Bus Riders Hunger Strike and The Center For The Working Poor
We consulted with these Bus Riders in their hunger strike against fare increases. These fare hikes are a tax on the poorest of the poor in Los Angeles. In addition to helping them find doctors to supervise their fasters and setting up logistics, Sam, from the Center, gave a moving testimonial of his own 22 day fast at their planning meeting. They asked him to speak at their opening rally where he introduced our friend Dolores Huerta.
Bus Riders Union on Day 6 of Hunger Strike Outside Union Station
By Zach Behren in LAist, on May 26.
Since last Thursday, a handful of Bus Rider Union members have camped out across from Union Station in weeklong hunger strike. Last night at 10 p.m., the atmosphere was jovial: music, singing, conversation, laughter. If it weren’t for the skyscrapers of downtown Los Angeles towering above, this was exactly what any campsite in the woods felt like. But here, there’s a message and that is of stopping Metro fare hikes that will begin in July.
“The idea is to basically show the MTA the conditions they are setting people with this fare increase,” explained Ronald Collins who has been fasting since last week. “For working class communities of color, that $13 is a meal, that $13 is added on top of rising cost of rent, the rising cost of school tuition, the rising cost of everything in our lives.”
On July 1st, new fares will be upped a quarter to $1.50 for one ride. Day passes will go up to $6 from $5, Weekly up $3 to $20 and monthly will increase $13 to $75. It’s the third fare hike in 15 years and compared to other major American cities, it’s still lower: New York and Chicago boardings cost $2.25 for a boarding.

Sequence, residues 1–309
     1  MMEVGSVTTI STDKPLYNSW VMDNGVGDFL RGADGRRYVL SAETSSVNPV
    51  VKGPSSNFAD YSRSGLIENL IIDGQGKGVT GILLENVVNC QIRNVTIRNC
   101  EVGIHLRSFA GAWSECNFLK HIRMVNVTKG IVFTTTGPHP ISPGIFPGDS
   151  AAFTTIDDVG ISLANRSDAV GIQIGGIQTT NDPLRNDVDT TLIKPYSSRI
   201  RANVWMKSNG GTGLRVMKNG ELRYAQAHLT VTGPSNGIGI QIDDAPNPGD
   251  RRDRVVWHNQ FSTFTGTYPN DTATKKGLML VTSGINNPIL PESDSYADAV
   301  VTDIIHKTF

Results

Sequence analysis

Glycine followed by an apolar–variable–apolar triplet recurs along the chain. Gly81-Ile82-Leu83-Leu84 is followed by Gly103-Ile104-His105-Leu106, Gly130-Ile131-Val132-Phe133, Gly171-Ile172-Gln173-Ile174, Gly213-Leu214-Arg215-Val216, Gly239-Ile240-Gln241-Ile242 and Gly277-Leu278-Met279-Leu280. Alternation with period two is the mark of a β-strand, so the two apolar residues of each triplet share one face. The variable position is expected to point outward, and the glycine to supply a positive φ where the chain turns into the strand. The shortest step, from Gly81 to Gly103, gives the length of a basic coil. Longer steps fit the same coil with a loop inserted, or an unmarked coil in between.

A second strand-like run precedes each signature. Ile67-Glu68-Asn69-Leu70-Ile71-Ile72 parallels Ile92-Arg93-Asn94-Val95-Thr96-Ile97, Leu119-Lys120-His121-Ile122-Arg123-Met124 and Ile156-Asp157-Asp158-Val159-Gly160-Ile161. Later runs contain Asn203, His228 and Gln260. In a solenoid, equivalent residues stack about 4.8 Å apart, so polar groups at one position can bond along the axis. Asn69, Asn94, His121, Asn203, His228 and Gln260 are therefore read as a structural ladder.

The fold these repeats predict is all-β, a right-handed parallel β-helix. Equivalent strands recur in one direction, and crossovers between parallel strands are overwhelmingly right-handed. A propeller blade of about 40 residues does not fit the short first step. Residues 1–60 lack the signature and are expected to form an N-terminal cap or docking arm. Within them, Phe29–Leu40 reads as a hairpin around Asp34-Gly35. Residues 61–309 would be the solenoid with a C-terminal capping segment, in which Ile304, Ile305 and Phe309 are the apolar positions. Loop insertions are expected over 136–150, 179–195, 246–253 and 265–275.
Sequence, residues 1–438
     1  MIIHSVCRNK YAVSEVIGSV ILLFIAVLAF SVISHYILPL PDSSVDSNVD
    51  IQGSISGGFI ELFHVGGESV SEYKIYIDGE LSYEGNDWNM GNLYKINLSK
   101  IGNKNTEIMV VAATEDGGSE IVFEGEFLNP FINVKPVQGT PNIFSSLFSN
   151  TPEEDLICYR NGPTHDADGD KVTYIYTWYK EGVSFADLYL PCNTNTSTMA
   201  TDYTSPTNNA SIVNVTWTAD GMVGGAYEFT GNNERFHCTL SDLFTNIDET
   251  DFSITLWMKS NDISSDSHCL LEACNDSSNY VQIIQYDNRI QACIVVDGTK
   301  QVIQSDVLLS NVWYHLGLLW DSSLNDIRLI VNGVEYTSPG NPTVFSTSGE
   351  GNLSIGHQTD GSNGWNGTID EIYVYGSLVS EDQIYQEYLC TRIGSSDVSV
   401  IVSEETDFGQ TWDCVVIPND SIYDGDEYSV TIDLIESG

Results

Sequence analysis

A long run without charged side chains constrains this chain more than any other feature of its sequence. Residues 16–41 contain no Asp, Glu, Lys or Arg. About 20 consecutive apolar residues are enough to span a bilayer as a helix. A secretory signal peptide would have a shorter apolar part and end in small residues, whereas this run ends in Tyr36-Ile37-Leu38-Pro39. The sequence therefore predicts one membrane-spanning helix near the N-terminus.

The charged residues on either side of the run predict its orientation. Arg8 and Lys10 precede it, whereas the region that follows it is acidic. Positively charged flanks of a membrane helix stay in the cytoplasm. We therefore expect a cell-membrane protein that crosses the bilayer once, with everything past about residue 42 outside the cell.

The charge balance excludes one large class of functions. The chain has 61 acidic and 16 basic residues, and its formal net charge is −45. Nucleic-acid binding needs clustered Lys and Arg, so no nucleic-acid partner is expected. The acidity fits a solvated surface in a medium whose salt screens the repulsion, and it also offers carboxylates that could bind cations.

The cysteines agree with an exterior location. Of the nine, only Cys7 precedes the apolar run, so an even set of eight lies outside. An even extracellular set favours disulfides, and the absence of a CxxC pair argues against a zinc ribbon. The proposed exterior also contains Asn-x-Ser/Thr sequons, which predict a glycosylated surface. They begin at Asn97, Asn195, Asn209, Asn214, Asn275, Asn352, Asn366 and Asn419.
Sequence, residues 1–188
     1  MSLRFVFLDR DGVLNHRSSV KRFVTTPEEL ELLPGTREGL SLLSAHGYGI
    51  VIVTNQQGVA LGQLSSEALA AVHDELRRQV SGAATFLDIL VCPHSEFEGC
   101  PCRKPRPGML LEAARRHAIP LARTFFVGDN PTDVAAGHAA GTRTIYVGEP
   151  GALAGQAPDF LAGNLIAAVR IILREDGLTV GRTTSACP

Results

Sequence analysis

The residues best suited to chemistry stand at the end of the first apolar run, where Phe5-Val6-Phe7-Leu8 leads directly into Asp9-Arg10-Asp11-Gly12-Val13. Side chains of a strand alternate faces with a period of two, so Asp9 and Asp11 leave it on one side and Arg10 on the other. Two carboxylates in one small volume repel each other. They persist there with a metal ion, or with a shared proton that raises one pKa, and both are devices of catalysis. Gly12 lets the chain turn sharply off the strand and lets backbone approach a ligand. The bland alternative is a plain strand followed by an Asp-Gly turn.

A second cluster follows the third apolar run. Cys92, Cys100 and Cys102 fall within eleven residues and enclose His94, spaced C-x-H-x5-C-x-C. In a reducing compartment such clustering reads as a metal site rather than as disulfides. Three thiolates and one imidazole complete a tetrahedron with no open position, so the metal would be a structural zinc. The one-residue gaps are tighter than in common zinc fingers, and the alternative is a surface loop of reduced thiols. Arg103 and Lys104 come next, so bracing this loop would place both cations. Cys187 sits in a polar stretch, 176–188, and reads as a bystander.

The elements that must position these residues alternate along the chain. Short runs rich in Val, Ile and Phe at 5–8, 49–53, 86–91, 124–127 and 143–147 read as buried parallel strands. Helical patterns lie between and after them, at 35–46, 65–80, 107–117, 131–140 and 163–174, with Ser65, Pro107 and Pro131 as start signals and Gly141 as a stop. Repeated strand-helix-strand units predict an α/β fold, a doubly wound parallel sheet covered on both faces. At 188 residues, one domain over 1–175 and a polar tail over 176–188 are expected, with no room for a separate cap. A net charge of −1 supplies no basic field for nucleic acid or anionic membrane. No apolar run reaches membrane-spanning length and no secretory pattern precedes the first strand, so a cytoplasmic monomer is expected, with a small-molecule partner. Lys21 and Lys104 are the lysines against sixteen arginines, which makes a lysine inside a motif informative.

Collins, however, is not taking it. “It’s not necessary, we know their budget has increased by $1 billion in the last three years,” he explained.
Bart Reed, who heads up the Transit Coalition, says that money is for capital projects. “It’s not fungible,” he exclaimed, noting that the state took $200 million from Metro this year. While other areas like Orange County cut service because of that raid, Metro used Measure R sales tax money to preserve it.
Reed thinks the fare increases are a better solution than cutting service, which Metro says would happen if they didn’t charge more money. “From where I live [in Sylmar] to the Red Line, the last service from Olive View Hospital goes there at 9 p.m. at night — that’s not acceptable. I rather have service ’til midnight when people get off work and pay a litlte bit more.”
Streets activist Stephen Box said any cuts just put more bicycles on the road. “Every single service cut leaves gaps which makes a cyclist’s contribution as a transportation solution even more signifiacnt because every human on a bike is a gap connector and increases the capacity of a complete transportation system, and that’s Metro’s mandate: to provide a transit sytem.”
The hunger strike will last through Thursday, when the Metro board is scheduled to meet next.
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